Wednesday, March 31, 2010

Oh happy day... Cadbury goes (partially) fairtrade!

I heard this morning that Cadbury® had finally got their long-awaited (by me, anyway) Fairtrade certification through on their plain Dairy Milk range of chocolate blocks and bars. Of course, I had to swing by the local consumer-mart to verify the rumours, and was delighted to return with... ahem... five blocks of the stuff.

Make that four. 

For me, this is thrilling news. Not because I'm passionate about Cadbury, but because I'm passionate about Fairtrade.

You probably already know what 'Fairtrade' is all about, but here's the wrap from the Australia/New Zealand Website:

Fairtrade is about better prices, 
decent working conditions, 
local sustainability, 
and fair terms of trade for farmers and workers in the developing world. 
By requiring companies to pay sustainable prices, 
Fairtrade addresses the injustices of conventional trade, 
which traditionally discriminates against the poorest, weakest producers. 
It enables them to improve their position and have more control over their lives.

This is PARTICULARLY important in the cocoa industry, where child trafficking and slavery continues to be rife.

Cadbury could, and should, still go a lot further in its efforts to source ethically-produced cocoa. However, it is still very exciting to see this move. Partly because the gauntlet has now been thrown down to other major companies to get onto the ethical bandwagon. But mostly because this means that the average Joe Consumer, for whom Fairtrade is an unknown or irrelevant concept, will still end up buying ethically-sourced chocolate. 

And furthermore, the many many people who ARE educated about the importance of choosing Fairtrade - the people who understand and grieve the horrible injustices that young children suffer for the sake of a measly bit of chocolate, yet who continue to be swayed more by their wallets than their conscience - will now also have a cheaper, more readily-available source of Fairtrade chocolate.

 I know how hard it is to value the living conditions of an unknown person in a far-off land over the lure of a cheaper and more readily available chocolate bar. In the last few years I've struggled with this temptation many times and failed. Hopefully, this move by Cadbury will make choosing the right option just a little easier for everyone.


  1. I didn't know that was on the cards, I vaguely heard a rumor ages ago, but didn't believe it. Whats the taste verdict??

  2. Yay and hurrah indeed - it's a good start and sends a good message to lots of other big players in consumer land. Nic

  3. Good news indeed and about time :) Kx

  4. sweet, it's about time!

    isn't it amazing how not much has changed in the last 500 years regarding work on cocoa plantations - slavery still continues!

  5. Yeah. Finally, hey!
    I do hope that it is the start of something good, and pushes the other companies into following suit.

    Only problem I can see is that it's milk chocolate - I'm still waiting for the dark chocolate.....
    (must admit that my wallet often does win out, but I did fork out $11 per massive organic Fairtrade eggs for the kids; lucky I only have two kids, hey!).

    Don't get sick on all your Fairtrade choc!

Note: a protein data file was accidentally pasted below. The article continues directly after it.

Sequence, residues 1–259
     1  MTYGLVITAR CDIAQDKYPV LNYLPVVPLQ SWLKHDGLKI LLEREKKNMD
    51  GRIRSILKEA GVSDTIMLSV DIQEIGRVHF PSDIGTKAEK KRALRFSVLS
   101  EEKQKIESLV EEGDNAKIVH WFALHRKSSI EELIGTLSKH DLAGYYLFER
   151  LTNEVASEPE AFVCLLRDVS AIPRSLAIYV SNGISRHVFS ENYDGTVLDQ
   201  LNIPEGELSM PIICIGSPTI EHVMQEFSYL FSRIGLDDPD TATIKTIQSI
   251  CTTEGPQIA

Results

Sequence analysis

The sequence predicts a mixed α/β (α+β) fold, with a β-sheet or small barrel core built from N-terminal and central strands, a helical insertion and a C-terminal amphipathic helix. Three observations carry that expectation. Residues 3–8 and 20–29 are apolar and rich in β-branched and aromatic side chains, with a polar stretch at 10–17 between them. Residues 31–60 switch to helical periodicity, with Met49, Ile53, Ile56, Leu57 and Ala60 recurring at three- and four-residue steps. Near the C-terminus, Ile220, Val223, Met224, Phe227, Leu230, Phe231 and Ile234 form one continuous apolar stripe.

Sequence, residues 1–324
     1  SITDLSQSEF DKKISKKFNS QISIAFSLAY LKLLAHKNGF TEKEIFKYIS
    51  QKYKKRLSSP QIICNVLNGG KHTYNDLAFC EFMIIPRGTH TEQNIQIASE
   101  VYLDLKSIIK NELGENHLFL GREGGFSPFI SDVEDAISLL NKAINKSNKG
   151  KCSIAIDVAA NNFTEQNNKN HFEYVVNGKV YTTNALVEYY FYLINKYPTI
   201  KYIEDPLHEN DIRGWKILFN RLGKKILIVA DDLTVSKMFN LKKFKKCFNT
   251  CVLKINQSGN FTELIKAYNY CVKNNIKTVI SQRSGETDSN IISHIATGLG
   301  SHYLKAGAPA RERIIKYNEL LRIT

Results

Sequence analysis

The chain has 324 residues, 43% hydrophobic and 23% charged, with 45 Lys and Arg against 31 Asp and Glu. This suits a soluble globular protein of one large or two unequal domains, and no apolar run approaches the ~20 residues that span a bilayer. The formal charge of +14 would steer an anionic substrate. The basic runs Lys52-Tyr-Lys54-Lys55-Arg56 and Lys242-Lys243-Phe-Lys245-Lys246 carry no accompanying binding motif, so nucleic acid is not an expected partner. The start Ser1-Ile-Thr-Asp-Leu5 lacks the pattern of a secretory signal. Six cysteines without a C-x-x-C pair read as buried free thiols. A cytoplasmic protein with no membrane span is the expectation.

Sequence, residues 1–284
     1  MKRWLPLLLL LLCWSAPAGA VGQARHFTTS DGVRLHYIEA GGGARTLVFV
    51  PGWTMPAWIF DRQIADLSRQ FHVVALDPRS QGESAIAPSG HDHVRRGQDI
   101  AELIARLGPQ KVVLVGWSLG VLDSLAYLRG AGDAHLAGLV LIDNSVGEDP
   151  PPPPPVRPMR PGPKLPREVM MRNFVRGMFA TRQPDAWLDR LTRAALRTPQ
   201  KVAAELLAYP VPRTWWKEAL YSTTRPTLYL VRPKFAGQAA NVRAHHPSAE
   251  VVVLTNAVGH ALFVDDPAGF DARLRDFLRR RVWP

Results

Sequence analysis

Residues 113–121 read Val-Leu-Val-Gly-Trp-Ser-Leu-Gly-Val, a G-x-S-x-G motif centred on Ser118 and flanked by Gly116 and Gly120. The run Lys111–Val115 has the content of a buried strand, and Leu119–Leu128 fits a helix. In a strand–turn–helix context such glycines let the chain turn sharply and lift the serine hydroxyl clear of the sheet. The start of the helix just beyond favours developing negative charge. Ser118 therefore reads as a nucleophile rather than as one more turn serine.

6. I saw that the other day. Great news! Haven't taste tested yet, but I trust it's good? Btw, Cadbury also own Green and Blacks, and the Maya Gold G&B's chocolate is fairtrade too. I like that one a *lot*!

  7. Yay cadbury! ohhh I didnt know Cadburys own Green & Blacks. BTW you won my giveaway!Hop over & send me your address x

  8. Excellent news... and I think they've stopped using Palm oil too.

  9. Great news, thanks for sharing it.

  10. Your so well informed on these issues Hun. It's a massive step which hopefully other big arse corporations will take a lesson from. We as individuals can only do so much (which is still a lot) but companies control so much more. Bring on the ethically produced chocolate guys!! It's the next step to a better, cleaner, yummier chocolate!!!

    xo Steph

  11. Woo hoo!! Now I just need them to fair trade their dark chocolate range, and also their flavoured choc range. I have an inexplicable love for Snack Chocolate that I really want to satisfy again!!

  12. We made a decision to go completely fairtrade this easter, which was actually easier than I expected, thanks to an Oxfam shop in a nearby shopping mall. Thankfully they have smaller (and cute animal) eggs, so that I could still spend our agreed small budget and get something that would appeal to the 2yo AND the 30something.

    I am thrilled that Cadbury have gone partially fairtrade, and that there are also one or two companies that have fairtrade products, but like others, I am waiting for the DARK fairtrade chocolate, and will continue to buy less of the more expensive ones. Maybe this is a good thing for my waistline??

  13. Awesome! Everything you wrote was so spot on.

    This is a great reminder to THINK about where my chocolate comes from.

  14. Just wanted to add that Cadbury uses sustainable palm oil. See the WWF website for more information (

  15. I was so excited to see your spam-mail!!! Reading your posts about the whole fairtrade chocolate issue really made an impact on my thinking on chocolate and I decided that was it, not buying any non-fairtrade chocolate. The last couple of months we have only been eating green and blacks (and only a little bit at that because of the expensiveness - but good for the hips!)
    Now cadbury has gone and stuffed up my resolutions :P I've just got to keep the rations small - I don't know how that's going to go ;)


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